Next week marks the anniversary of the birth of one of South Yorkshire’s greatest ever boxers - James William ‘Iron’ Hague.
Born on November 6 1885, the Mexborough fighter would later become British Heavyweight Champion between 1909 and 1911.
He rose to prominence by defeating a steady stream of English contenders before knocking out Gunner Jim Moir in the first round for the British title.
Thousands of people lined the streets of Mexborough town centre to give him a heroes’ welcome back.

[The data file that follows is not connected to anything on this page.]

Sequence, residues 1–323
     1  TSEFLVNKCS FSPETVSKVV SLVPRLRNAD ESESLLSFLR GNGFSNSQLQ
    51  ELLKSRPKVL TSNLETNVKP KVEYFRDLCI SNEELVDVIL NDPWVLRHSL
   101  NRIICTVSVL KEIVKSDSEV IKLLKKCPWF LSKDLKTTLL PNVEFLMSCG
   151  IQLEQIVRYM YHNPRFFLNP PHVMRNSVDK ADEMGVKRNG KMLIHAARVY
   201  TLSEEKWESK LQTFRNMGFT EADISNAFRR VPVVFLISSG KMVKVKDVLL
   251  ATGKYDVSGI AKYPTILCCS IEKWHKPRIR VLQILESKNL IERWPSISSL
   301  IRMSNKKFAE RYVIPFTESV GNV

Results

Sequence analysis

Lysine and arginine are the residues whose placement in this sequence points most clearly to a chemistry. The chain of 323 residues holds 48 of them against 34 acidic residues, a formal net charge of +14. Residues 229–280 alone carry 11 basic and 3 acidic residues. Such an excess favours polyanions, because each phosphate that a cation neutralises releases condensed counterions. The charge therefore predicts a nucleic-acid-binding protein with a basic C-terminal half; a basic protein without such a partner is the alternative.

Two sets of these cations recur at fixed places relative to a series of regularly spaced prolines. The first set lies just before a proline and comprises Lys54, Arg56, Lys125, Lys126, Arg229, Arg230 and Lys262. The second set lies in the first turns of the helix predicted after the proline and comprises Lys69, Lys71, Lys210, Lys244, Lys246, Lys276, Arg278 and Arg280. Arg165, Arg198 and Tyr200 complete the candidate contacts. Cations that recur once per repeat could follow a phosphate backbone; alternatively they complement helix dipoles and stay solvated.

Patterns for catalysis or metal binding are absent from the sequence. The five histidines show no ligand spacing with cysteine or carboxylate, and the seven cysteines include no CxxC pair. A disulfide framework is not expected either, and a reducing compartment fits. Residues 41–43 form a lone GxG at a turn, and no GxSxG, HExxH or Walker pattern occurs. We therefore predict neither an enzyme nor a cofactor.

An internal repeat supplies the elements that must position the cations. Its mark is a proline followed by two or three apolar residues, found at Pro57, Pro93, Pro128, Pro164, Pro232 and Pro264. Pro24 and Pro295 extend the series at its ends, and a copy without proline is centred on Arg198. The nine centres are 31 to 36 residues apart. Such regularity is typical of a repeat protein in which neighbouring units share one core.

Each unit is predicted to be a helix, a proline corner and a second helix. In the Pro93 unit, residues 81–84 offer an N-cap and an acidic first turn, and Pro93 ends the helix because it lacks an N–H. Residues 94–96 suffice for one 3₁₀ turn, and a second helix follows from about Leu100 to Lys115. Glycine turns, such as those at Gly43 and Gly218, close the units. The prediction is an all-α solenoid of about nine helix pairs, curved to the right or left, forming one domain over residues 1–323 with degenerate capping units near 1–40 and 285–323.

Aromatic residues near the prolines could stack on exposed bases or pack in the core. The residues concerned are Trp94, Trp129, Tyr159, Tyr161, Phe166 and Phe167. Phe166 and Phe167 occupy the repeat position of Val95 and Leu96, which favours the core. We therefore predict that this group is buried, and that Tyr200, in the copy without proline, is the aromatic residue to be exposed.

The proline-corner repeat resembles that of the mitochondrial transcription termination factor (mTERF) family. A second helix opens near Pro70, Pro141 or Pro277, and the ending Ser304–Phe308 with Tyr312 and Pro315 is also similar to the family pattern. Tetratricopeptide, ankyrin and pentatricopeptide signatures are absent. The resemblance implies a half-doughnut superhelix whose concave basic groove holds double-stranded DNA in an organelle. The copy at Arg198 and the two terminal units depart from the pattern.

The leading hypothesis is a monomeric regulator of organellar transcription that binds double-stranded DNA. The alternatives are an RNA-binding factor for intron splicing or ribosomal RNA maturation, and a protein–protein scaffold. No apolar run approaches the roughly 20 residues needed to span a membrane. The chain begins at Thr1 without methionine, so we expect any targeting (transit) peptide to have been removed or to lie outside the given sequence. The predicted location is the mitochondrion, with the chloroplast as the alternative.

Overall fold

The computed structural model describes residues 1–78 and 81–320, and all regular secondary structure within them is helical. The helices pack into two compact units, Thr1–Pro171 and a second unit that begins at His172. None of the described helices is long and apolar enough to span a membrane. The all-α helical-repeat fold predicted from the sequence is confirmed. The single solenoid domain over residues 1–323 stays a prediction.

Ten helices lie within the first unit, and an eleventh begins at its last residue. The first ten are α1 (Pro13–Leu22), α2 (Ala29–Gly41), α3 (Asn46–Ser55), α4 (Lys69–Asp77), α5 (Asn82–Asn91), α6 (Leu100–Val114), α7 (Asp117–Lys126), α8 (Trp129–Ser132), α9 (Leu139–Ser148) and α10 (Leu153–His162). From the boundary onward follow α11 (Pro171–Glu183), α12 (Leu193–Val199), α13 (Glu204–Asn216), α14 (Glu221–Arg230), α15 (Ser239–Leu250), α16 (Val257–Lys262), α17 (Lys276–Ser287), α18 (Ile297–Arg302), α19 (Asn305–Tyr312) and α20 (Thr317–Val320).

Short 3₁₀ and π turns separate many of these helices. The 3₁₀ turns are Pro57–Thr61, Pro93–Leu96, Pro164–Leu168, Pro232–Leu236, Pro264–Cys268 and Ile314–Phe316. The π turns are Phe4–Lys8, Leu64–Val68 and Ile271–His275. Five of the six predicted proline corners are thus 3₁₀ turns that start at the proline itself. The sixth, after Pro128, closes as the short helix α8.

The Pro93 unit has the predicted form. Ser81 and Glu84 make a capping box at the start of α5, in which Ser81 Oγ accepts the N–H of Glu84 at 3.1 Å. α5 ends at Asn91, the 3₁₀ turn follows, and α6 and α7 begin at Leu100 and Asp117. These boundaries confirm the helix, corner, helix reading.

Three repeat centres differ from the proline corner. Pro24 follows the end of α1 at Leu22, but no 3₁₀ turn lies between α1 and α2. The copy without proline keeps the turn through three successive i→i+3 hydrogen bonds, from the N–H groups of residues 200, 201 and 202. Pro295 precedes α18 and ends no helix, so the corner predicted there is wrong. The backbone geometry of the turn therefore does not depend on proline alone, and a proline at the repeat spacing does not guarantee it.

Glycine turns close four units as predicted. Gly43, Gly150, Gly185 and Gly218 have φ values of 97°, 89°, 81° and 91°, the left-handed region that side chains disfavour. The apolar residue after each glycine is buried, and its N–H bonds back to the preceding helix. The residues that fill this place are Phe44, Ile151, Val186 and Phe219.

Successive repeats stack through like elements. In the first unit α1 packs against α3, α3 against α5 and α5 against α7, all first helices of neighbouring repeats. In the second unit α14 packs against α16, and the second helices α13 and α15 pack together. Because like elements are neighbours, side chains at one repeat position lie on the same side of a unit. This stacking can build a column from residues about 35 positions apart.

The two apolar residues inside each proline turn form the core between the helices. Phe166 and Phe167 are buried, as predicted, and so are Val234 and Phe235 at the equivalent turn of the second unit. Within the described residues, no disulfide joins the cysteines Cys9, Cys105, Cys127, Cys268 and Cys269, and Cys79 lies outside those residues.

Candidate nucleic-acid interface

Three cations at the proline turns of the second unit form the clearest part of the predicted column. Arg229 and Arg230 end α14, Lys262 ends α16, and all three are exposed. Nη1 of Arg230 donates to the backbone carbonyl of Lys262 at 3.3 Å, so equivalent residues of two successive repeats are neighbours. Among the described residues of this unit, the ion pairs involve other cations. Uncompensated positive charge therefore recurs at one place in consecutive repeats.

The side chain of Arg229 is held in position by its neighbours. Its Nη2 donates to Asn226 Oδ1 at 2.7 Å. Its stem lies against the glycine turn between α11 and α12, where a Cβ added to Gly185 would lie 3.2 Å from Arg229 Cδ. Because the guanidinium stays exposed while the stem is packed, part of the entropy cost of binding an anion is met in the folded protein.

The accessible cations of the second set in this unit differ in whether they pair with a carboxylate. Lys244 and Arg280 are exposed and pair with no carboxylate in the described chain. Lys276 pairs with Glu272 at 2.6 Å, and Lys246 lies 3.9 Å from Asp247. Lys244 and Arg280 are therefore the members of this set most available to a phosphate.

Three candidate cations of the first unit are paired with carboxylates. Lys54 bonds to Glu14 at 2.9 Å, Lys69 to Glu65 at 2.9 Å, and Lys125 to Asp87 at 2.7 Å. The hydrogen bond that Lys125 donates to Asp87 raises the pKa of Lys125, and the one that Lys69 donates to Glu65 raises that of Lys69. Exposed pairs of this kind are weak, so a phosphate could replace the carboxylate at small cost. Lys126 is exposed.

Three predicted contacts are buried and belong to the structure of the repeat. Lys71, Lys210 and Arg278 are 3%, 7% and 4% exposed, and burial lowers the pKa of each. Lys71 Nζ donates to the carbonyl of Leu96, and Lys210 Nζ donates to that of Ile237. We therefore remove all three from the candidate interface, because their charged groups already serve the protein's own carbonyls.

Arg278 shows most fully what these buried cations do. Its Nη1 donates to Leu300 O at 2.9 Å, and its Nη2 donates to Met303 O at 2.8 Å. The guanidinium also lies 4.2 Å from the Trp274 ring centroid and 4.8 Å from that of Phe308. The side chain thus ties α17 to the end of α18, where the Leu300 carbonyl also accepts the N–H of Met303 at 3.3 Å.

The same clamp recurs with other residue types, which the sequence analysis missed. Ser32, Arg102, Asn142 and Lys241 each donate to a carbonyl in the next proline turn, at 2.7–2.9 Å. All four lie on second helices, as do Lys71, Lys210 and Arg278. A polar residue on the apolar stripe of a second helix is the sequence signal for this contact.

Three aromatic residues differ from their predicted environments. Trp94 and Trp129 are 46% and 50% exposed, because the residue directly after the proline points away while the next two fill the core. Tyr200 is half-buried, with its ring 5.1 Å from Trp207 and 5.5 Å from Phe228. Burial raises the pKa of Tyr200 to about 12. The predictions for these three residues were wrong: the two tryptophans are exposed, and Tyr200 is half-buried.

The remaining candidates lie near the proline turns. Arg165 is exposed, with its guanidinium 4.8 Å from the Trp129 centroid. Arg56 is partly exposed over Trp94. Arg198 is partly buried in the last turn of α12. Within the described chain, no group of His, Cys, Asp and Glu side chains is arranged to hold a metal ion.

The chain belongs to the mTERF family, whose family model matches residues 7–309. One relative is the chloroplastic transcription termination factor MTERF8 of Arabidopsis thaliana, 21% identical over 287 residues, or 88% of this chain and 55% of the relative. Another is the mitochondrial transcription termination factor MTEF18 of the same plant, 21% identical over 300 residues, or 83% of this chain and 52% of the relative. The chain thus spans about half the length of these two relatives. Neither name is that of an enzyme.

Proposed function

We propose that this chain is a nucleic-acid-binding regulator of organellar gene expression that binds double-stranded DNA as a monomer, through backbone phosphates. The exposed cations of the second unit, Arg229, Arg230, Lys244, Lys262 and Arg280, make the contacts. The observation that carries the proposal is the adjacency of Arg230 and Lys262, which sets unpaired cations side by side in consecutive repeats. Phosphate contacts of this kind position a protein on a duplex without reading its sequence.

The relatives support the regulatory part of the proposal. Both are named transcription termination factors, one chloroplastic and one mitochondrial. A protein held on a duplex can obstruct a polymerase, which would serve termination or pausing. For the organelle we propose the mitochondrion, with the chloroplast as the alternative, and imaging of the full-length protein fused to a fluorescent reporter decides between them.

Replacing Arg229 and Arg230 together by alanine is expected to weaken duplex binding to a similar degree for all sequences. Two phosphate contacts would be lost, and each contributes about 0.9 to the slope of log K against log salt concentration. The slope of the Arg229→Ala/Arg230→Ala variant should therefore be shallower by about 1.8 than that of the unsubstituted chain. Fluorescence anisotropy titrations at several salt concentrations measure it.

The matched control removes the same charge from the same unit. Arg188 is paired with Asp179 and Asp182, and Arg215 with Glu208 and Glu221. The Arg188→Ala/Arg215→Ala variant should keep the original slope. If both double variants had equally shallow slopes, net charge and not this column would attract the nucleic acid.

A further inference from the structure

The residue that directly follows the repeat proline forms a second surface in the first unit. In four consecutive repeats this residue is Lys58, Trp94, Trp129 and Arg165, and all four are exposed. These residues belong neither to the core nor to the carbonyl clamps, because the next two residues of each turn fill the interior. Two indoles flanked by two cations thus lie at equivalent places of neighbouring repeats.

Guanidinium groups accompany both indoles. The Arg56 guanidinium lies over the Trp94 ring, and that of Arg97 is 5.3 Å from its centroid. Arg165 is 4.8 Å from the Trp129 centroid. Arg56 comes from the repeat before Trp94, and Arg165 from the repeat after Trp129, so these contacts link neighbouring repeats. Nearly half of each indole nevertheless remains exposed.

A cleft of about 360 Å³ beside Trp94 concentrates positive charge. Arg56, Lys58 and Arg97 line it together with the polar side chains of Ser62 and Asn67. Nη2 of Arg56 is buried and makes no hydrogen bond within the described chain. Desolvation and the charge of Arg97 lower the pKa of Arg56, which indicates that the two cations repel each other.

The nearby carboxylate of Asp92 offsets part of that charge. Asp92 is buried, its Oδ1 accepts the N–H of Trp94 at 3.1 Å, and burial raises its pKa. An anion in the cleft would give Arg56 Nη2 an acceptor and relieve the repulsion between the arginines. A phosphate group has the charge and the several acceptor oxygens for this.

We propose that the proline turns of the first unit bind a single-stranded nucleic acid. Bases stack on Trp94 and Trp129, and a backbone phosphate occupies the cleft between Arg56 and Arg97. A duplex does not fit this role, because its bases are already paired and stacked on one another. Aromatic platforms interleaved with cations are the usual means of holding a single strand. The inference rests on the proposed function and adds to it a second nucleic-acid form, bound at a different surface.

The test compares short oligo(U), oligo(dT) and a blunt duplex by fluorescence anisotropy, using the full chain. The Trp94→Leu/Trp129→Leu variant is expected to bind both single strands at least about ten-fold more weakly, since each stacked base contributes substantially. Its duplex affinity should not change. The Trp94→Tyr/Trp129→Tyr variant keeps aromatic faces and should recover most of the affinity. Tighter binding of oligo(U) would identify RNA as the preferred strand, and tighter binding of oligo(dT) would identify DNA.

In his next fight he took on Canadian Sam Langford, who is often credited as being one of the best boxers of all time. Hague put his opponent down early in the fight, but Langford managed to rally and eventually knocked Hague out in the fourth round.
Hague lost his British title to Bombardier Billy Wells in 1911. He retired with a record of 20 wins, nine losses and one draw.
Shortly after the outbreak of the First World War he joined the Grenadier Guards and saw military action in several battles. He died in his daughter’s arms aged in his mid 60s in 1951. He is buried in Mexborough Cemetery.